Houteff died in 1955, and his wife, Florence, assumed the leadership. She announced to the followers that on April 22, 1959, a great sign would appear and then the Lord would return.
As the April 1959 date approached, nearly 1,400 followers arrived in Texas to await the sign and the Lord's return. The Lord did not return, but one of Houteff's former followers arrived, claiming he was the sign Florence had predicted.
The man was Benjamin Roden, a west Texas businessman, who had just returned from purchasing land in Israel. He managed to convince some of the Davidians that he was a prophet, and he became the leader of a new and separate movement. Roden called his group the Branch Davidians.
Florence Houteff issued an announcement in 1961, that the Davidian Seventh-day Adventists were disbanded.
Roden's Branch Davidians adopted a narrow theology based on an expected imminent return of Christ. Roden kept not only the Saturday Sabbath, but also instituted the Jewish Old Testament feasts of Passover, Tabernacles, and Atonement as eight-day observances. When Roden died in 1978, his wife, Lois, became head of the group.
In 1981 a young man named Vernon Howell (eventually David Koresh) joined the group and quickly gained influence. He had been reared under the influence of Seventh-day Adventist theology and memorized some scripture as a child.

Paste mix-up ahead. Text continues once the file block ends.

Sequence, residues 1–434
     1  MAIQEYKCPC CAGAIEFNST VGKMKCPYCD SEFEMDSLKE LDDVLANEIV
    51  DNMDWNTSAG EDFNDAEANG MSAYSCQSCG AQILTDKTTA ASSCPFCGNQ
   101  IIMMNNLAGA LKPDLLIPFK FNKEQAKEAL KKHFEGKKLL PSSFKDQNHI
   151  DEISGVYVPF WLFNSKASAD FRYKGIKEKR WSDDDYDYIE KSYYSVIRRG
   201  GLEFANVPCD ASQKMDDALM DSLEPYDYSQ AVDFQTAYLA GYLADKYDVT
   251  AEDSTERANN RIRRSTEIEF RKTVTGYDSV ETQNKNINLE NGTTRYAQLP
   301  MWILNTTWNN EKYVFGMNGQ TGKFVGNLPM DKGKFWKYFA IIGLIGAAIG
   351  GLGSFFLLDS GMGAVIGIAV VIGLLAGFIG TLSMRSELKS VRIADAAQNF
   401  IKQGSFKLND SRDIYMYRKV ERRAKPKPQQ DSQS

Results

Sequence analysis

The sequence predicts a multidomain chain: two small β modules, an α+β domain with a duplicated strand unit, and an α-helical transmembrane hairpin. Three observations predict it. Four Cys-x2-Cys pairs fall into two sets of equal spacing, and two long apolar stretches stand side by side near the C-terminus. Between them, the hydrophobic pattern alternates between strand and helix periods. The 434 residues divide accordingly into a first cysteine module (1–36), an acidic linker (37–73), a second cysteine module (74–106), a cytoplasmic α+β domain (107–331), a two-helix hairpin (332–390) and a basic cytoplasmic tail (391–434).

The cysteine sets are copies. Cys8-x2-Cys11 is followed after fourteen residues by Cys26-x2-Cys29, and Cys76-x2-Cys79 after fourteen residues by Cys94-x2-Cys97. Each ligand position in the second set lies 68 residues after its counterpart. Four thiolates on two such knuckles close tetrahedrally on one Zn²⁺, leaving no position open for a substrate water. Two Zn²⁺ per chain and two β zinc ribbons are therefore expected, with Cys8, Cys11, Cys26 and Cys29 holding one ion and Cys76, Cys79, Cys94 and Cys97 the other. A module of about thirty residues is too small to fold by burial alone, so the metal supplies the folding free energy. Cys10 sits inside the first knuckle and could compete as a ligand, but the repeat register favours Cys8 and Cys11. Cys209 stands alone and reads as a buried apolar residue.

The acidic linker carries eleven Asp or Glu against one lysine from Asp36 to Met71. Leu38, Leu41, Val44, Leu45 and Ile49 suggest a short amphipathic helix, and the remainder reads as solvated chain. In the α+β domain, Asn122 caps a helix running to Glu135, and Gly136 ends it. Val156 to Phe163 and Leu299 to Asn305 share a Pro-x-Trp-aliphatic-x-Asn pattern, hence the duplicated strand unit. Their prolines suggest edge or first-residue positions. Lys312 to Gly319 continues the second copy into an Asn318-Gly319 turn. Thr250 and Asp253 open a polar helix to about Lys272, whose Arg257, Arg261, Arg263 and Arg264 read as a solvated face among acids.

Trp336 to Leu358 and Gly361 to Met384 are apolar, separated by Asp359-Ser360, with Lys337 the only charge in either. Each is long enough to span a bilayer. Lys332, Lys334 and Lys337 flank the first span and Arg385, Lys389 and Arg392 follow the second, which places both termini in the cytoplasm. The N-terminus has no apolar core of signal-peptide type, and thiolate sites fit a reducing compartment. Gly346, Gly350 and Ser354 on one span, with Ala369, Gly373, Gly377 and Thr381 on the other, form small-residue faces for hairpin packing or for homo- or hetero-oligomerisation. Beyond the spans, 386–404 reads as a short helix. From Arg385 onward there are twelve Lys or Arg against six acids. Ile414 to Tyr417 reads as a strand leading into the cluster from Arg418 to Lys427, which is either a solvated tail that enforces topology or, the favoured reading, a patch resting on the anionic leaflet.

Howell had become obsessed with the book of Revelation and Old Testament end-time prophecy. He soon became tired of George Roden, Lois Roden's son. George lived up to an aggressive reputation.
In 1985, George Roden forced Vernon Howell's subgroup off the Texas property. The conflict between Roden and Howell ended in a shoot-out in 1987, when Howell returned with a few of his followers and plenty of ammunition. Howell emerged from the conflict as the new leader of the Branch Davidian group.
The compound remained relatively quiet until February 28, 1993.
David Koresh and his followers
Vernon Wayne Howell was born in Houston in 1959. His childhood was difficult; he never knew his father. While being reared by his grandparents, he suffered from dyslexia and his schoolmates' cruelty. He dropped out of school in the ninth grade.
After making his way to Hollywood in a failed attempt to become a rock star, he joined the Branch Davidians, in 1981.
After Howell took control of the group under his new name, David Koresh, he "annulled" his followers' marriages, according to former members of the cult. He said that only he could be married, which caused several members to leave.
Former followers told authorities that Koresh beat the children until they were bruised and bleeding. One defector, Marc Breault, had hired detectives to investigate, and when contacted by the ATF, he supplied a number of detailed descriptions of his former associates.